Things to do in King's Lynn, Norfolk
King's Lynn is an historic medieval port dating back to the 12th century, situated on the River Great Ouse. In medieval times, the Hanseatic merchants wanted an English base with many warehouses, and chose King's Lynn, where the leagues warehouse can still be seen today.
King's Lynn's was home to Captain George Vancouver, born in the town in 1757. His voyages took him most famously, to Canada, where he founded the town, which now bears his name.
Burnham Thorpe, north of King's Lynn, is the birthplace of England's most celebrated sailor, Admiral Lord Nelson.
At the heart of the old town, and overshadowed by the 12th century church of St. Margaret, is the Saturday Market Place.
Here the chequered-fronted Trinity Guild-Hall is the home of The Stories of Lynn, which tells the stories of some of Lynn's more infamous characters in the original cells of the town gaol. Also housed here is the Regalia collection, whose exhibits feature a series of facsimile royal charters and the priceless King John Cup.
Marriott's Warehouse - home of the new interpretation centre - The Green Quay. The exciting, interactive exhibition at the heart of the centre highlights the unique wildlife of The Wash, one of the most spectacular features of East Anglia.
As well as its many elegant merchants' houses and medieval riverside storerooms, King's Lynn also boasts England's only surviving Hanseatic Warehouse, but the most famous monument to maritime prosperity is the Custom house, built by Henry Bell in 1683, which overlooks the River Great Ouse from Purfleet Quay.
It houses a special display of the maritime history of King's Lynn, as well as the tourist information Centre.
The varied history of everyday King's Lynn is celebrated through the town. At the town House Museum, life in Lynn is recreated in Tudor, Stuart and Georgian displays, a Victorian Kitchen and a 1950's sitting room.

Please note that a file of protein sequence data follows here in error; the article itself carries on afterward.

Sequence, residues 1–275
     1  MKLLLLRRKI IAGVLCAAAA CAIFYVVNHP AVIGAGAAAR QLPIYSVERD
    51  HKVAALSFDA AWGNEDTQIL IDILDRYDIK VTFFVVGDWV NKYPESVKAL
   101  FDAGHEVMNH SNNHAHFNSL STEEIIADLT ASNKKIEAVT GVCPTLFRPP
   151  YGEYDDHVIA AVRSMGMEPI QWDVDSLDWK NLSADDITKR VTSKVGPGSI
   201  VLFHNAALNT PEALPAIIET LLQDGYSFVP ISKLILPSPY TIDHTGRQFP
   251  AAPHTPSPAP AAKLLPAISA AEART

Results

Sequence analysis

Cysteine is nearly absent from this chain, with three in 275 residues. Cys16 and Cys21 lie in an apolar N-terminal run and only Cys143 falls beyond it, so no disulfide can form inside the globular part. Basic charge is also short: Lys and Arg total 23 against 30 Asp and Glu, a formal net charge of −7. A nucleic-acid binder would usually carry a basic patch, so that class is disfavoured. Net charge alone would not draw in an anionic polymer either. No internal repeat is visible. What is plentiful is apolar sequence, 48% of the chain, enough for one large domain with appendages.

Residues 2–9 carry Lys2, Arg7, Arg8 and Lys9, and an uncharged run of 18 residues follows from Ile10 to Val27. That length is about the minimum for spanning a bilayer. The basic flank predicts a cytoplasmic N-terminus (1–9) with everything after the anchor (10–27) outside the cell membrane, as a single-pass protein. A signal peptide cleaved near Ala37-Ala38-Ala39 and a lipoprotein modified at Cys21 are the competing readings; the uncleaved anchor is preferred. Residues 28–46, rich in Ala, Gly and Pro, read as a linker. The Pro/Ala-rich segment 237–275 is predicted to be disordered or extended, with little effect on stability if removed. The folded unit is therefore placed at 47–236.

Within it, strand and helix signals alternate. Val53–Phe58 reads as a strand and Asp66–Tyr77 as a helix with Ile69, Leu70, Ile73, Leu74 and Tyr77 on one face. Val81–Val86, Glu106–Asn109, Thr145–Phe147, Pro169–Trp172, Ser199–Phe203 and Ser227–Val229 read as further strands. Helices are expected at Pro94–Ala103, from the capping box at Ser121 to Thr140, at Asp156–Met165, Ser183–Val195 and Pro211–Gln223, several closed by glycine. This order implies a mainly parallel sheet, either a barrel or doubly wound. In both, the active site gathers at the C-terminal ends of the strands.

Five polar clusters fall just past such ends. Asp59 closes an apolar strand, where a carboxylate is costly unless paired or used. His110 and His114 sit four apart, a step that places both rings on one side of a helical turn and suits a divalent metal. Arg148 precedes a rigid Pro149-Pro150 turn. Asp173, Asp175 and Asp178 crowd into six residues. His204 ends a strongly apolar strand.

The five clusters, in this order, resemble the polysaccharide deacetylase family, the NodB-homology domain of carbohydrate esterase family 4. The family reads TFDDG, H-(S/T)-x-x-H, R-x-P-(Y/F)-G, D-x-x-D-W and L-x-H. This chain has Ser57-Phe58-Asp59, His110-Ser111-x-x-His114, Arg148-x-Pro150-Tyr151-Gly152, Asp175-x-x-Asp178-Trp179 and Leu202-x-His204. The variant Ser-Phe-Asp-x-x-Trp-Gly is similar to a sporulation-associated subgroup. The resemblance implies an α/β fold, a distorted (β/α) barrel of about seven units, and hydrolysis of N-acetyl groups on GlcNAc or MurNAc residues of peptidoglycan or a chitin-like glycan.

At the Lynn Museum you can see the paw print of a Roman dog, antique fairground horses, and a special collection of Nelson memorabilia.
King's Lynn has maintained its thriving commercial heart and relative prosperity. While the winding streets and alleys of the old town remain intact, Lynn also boasts an extensive, pedestrianised shopping area, with a lively combination of national retailers, specialist shops and family businesses.
Lynn still has bustling markets held on the informatively named Tuesday and Saturday Market Places.
The Corn Exchange - is a grade II Listed Building on the Tuesday Market Place, home to a multi-purpose venue for concert and community use. Close by is the King's Lynn Arts Centre, a more intimate venue hosting a wide programme of comedy, music and cinema.
Kings' Lynn is host to the splendid King's Morris who parade through the town on high days and holidays, and the oldest fair in the country - the King's Lynn Mart, now a bustling fun fare, takes over the Tuesday Market Place for a fortnight every February.
Families who enjoy sport are well served, Lynnsport is the biggest sporting and leisure complex in East Anglia.
The King's Lynn Sports Centre has facilities like a climbing wall, squash courts and a multi-purpose sports hall.
Much of it designated an area of Outstanding Natural Beauty, the West Norfolk coastline is a mass of sand dunes, reed beds and clear horizons, crying out to be explored on foot or by bicycle.
Old Hunstanton, Brancaster and Holkham, in particular, have lovely beaches, rimmed by acres of pale sand and perfect for a variety of activities from kite flying to cricket.
Boat trips are available from several points along the coast, and bicycles can be hired locally to follow the newly formed Norfolk Coast Cycleway, which runs from King's Lynn to Cromer.
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